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My 15 year love affair with Gold Ingots from the SS Central America Treasure

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In the following years, Columbus America recovered some truly amazing artifacts and even discovered and documented previously unknown species of sea life. Most of the coins that were discovered as part of the treasure were previously known, even if it was in small numbers. The gold bars, known as ingots, however, were not known to exist in many cases. There were even ingots in the Smithsonian Institution that were proved to be fakes! Tommy Thompson’s “America’s Lost Treasure” has some amazing images of all aspects of the recovery and the History Channel documentary has some great footage, but nothing could prepare me for seeing one of these beautiful gold bars in person.

The first ingot I got to hold was a Kellogg and Humbert that we were placing with a client and it’s a moment I’ll never forget. Modern gold bars are available on just about every street corner in America, but the Assayer Ingots have less than 600 in existence. Picking up a California Gold Rush Ingot is an immersive experience. The first thing you notice is the weight. I don’t remember the exact bar, but it was around 40–50 ounces. The bars sits heavy in your hand and the tremendous weight will lower it, no matter how strong you are. The next thing you are drawn to is the assay stamp and the unique numbers notating the bar number, ounce weight, and purity of the gold. No two of these ingots are identical, each one is completely unique. The final thing that hit me is the history. One cannot help but consider how many miners it took and how long it took them to create 50 ounces of gold. During peak production in 1853, $80,000,000.00 worth of gold was produced by 1000,000 miners, equating to around 40 ounces of gold per miner, per year. I was holding more than a man’s entire year of blood, sweat, and tears in my hand. It really makes a person stop and think.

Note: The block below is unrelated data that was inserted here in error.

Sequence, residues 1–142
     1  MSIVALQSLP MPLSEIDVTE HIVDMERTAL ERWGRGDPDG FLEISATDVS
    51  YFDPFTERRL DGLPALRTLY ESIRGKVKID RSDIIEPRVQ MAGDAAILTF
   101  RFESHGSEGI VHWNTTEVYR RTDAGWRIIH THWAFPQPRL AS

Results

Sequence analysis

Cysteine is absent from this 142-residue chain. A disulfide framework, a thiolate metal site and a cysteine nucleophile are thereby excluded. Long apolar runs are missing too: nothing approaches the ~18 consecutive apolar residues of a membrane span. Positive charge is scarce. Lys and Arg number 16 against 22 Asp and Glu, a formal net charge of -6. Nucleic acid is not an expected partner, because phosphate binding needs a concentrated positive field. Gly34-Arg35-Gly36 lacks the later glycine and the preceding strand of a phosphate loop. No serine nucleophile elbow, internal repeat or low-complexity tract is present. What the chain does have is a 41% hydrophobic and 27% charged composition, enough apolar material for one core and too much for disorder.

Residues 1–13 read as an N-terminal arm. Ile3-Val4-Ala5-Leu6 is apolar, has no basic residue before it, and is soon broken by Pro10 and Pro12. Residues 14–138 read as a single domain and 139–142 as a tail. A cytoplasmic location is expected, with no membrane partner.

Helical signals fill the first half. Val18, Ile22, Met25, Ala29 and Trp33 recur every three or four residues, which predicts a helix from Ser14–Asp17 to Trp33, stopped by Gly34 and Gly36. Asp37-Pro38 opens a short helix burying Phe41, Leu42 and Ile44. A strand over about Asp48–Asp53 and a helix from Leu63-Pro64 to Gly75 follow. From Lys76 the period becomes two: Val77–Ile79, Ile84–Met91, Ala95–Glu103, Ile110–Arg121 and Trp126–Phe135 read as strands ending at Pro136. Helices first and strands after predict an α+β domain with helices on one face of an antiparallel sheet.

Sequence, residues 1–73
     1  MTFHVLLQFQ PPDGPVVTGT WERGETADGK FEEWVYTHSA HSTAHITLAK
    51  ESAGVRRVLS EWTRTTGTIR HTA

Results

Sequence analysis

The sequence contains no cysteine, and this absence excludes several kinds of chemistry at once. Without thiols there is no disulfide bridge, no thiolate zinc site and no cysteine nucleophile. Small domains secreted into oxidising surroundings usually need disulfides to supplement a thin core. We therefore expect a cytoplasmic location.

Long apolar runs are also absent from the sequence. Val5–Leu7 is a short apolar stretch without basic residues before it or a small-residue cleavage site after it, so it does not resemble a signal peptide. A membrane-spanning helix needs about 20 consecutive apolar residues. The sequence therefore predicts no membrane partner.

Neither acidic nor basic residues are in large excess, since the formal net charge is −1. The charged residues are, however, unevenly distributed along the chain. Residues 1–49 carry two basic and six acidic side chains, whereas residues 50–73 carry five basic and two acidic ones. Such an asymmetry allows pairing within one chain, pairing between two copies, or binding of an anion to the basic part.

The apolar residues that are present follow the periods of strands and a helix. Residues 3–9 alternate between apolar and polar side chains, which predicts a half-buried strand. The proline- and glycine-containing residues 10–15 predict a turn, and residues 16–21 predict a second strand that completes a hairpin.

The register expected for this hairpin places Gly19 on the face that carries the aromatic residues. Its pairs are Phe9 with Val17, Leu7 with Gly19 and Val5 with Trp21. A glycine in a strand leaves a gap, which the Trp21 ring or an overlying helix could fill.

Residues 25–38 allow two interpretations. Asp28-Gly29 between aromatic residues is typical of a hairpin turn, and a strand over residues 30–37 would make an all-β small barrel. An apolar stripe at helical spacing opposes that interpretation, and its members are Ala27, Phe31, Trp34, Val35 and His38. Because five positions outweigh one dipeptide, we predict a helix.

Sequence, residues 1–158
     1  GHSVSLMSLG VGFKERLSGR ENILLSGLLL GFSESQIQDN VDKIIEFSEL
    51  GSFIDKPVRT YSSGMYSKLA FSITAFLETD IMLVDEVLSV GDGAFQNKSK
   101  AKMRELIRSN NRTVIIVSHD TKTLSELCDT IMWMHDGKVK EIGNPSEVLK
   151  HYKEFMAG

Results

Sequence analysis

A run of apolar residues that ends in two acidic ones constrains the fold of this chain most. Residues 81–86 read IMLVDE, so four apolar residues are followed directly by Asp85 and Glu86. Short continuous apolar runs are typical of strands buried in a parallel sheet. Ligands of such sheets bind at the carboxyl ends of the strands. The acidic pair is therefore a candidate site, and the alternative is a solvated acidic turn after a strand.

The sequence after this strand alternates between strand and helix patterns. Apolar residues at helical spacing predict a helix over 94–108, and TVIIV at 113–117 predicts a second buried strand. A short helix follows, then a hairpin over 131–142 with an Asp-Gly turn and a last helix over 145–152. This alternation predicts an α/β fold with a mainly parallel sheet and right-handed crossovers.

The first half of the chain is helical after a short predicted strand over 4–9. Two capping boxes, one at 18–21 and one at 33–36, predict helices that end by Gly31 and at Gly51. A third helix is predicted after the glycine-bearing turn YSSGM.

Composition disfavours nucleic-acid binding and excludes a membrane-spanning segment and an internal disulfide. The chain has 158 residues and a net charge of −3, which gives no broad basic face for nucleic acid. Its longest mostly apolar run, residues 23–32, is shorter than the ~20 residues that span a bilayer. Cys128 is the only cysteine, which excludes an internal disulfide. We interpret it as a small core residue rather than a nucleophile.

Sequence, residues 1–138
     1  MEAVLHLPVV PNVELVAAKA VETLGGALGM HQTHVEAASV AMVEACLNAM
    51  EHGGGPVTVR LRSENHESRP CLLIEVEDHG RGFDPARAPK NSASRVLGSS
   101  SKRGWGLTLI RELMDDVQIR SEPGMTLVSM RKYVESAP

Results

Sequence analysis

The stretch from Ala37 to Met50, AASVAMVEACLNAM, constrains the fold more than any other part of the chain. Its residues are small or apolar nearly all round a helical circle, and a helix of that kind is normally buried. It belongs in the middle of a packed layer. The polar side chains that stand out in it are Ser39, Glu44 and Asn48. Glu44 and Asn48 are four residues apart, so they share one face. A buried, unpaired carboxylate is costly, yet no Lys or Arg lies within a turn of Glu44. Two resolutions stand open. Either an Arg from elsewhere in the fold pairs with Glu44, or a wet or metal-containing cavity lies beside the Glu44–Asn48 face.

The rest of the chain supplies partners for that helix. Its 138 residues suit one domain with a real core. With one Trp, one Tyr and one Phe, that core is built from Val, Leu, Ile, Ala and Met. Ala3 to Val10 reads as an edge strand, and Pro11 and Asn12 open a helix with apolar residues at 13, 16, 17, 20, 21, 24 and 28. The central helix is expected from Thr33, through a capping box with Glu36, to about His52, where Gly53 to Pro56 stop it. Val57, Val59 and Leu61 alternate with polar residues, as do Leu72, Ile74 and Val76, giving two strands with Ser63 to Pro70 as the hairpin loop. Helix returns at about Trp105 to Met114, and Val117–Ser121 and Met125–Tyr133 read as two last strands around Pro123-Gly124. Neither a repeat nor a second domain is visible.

That moment changed my career, and in turn, my life forever. It changed me from a person who took a job to get a break from college into someone who became eager to unlock the mysteries of the SS Central America Treasure and the gold mined from the hills and streams of California during the Gold Rush. My love affair for Assayer Ingots has been going on for 15 years. Every time I seen one in person or even an image, it evokes all of those feelings that I remember from holding one for the first time. Once you’ve been in contact with one of these masterpieces of American history, it never leaves you.

What I genuinely have a hard time understanding is how the market, outside of a couple of major marketers, continues to value these items at such a low per ounce price. There is nothing like them in the market, they are each unique, and continue to sell for anywhere between 50% over their gold content to a few times the gold value. In my view, that is WAY too cheap. I think the market will figure it out one day, however, and that will make today’s levels look cheap. America’s Crown Jewels are on sale right now. Anyone that has the wherewithal should seriously consider this segment of the market.

Maybe my passion towards this segment of the market has gotten the best of me. Love can do strange things to a man. What do you think? Are the Ingots a classic piece of Americana that deserves to be cherished or an ancient artifact that will fade with time? Please share your opinion in the comments below.

We have been producing a ton of great content on coins on YouTube, if you could subscribe to the channel and share it with your friends, it would mean the world to me.

Until next time….

Happy Hunting,

Ryan Lassley

Rare Coin TV

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